The Great Degeneration is the latest, provocative work from Niall Ferguson, best-selling author of The Ascent of Money.
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By Judy Corstjens on 09-05-15
Buy the hard copy
I bought this following on from (the brilliant) Ascent of Money, and was a bit disappointed. It is so brief that I felt useful details had been left out, and yet I also felt it was quite hard to follow as an audiobook. Ferguson follows the 'institutional' paradigm of successful societies, and refers repeatedly to 'Why Nations Fail' by Acemoglu and Robinson. In a sense this book is an appendix to theirs (explaining why our societies are poised for failure) and I'd recommend the first one, if you haven't read/audioed it, and then try applying their criteria for success to your own society.
Maybe the worst thing was the tone of the narration. Paul Slack reads in a 'Jeremy Clarkson sarcasm' voice throughout, which made me feel that the degeneration of the legal system and collapse of civil society was my own, personal, fault.
5 of 5 people found this review helpful
Customer ReviewsMost Helpful
By Lance on 30-08-13
Ferguson Hits His Stride
I really enjoy listening to the author on the news and talk shows. Very interesting guy who doesn't overreach in the interest of getting air time. From what I can tell he works hard and has mastered a fairly rare combination of fields. History, economics, and writing, to name three. This is a gentleman who beyond the pedigree has written books that survey in sometimes painful depth his field of study. I have tried to read his prior books and just couldn't get through them. Great material, great writing, but really boring tedious stuff to listen to. This book, however, I could not put down.
I think the author has some very good points. You'll find a bunch of negative reviews because of the last few pages of the book, he gives a rather hefty slam of Obama's "you didn't build that" speech. He really could have done without those few pages and I think you would find Republicans and Democrats interested in finding a solution to our country and world's problems finding common ground with many of the ideas in this book.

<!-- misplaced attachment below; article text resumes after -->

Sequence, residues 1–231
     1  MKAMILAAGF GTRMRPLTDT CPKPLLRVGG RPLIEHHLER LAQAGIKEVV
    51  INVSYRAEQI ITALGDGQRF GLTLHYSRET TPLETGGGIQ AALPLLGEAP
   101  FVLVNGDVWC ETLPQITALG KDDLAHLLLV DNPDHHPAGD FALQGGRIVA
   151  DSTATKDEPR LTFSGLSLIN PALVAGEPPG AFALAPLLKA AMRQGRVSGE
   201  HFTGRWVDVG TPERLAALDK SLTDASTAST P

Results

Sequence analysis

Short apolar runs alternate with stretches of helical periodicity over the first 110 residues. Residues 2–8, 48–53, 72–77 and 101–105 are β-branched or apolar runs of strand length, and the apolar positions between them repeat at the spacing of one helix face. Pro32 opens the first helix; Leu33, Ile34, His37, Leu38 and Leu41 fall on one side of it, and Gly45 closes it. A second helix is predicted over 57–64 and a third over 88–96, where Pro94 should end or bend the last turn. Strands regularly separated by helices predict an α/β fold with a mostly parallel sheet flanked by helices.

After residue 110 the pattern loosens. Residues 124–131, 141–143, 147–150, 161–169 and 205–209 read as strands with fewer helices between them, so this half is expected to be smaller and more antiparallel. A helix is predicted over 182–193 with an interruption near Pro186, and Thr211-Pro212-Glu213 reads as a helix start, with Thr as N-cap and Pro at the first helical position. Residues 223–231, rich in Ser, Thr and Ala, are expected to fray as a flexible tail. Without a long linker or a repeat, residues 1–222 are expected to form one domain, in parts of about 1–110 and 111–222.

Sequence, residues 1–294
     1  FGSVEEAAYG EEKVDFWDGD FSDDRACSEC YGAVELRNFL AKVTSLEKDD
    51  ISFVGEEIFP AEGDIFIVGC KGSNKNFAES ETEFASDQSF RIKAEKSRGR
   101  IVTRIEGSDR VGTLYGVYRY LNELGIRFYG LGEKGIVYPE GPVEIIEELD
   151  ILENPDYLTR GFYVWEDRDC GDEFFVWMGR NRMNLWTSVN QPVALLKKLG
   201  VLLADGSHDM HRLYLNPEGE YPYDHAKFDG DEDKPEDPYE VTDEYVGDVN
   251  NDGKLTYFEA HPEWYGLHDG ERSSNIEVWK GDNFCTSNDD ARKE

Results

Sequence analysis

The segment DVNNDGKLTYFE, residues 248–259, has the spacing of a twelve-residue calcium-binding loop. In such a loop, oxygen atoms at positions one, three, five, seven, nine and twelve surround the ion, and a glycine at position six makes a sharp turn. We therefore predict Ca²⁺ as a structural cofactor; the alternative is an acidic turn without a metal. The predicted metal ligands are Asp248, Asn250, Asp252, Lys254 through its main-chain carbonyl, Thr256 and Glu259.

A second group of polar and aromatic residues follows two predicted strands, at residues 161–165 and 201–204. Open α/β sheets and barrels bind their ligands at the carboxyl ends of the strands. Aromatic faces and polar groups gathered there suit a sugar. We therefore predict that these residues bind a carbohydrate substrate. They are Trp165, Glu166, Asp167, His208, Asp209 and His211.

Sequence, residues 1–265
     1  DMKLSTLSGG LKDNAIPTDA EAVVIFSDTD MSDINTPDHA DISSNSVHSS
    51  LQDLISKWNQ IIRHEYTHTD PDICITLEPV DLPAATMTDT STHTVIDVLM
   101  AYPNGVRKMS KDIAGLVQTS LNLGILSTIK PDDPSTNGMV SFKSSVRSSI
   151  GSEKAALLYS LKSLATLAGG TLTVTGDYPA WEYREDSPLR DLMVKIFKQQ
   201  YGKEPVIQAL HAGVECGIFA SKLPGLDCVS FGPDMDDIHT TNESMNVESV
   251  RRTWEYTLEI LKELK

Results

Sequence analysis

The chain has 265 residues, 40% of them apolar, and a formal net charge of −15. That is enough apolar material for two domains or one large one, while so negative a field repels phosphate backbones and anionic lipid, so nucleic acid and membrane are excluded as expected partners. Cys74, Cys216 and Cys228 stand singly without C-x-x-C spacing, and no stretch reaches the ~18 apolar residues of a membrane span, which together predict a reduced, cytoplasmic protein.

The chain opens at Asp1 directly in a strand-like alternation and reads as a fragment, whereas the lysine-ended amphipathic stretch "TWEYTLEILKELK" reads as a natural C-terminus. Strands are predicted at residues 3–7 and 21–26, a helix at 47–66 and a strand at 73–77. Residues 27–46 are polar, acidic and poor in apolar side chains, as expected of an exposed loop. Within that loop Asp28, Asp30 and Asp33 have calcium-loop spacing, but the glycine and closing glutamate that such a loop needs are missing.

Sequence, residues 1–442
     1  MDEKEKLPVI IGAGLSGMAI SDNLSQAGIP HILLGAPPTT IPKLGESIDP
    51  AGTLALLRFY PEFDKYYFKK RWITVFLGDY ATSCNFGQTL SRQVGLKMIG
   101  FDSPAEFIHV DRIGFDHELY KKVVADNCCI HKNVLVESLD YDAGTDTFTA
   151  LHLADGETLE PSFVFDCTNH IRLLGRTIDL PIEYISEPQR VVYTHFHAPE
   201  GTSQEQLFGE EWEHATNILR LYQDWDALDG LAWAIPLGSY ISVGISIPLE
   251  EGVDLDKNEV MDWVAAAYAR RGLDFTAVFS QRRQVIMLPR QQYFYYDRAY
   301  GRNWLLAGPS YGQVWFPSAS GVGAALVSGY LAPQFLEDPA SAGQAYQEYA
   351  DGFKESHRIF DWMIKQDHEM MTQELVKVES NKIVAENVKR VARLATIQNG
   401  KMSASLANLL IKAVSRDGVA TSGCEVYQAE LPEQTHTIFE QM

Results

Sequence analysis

I am somewhat off-putted by the frameworks that the author uses. I am used to more of the more systematic Stuart Mill, etc frameworks and he always seems to have some rather higher level "fresher" way of reframing what are probably issues that could fit within these other frameworks. Interesting, refreshing, thought provoking but leaves me wondering how this lines up to historical methods of analysis. And where did the ideas come for these nouveau analyses? Might be footnoted, but that is a hazard of audio books. Anyway, many of the reviews at Amazon capture the specifics. I enjoyed this book and if you haven't read the author yet, would highly recommend starting here. If you have like me tried an not been able to get through the prior works, perhaps like me you'll find a gem here. If you're reading and listening to the author right now, you may be a little disappointed as the book is a bit of an overview of a number of speeches / discussions he has had recently. Might not be enough new material to interest. I really enjoyed it.
By Jerry on 10-07-13
Great description of what ails America & the West
With reservations this is one of the best short listens you can make. Those limits relate to Ferguson's history and his place therein. In short, his model of the future means an extension of the past, by better management of the present. For example he believes that the world will become more urbanized because cities are essentially more culturally diverse and therefore better places to live. Except—he assumes we will have no problem feeding 9 billion souls, in whatever urban utopia we may choose.
Outside his bubble, in the present future, usable water and agriculture to feed the masses, are areas where Ferguson has a significant blind spot.
That being said, the collapse of historic local community structures is an awesome addition to the discussion, but again Niall seems to miss the connection with a rural economy in the good old days; for they don't really fit within the present urban culture, which perhaps fits a violent jungle mentality, rather than a cohesive human community.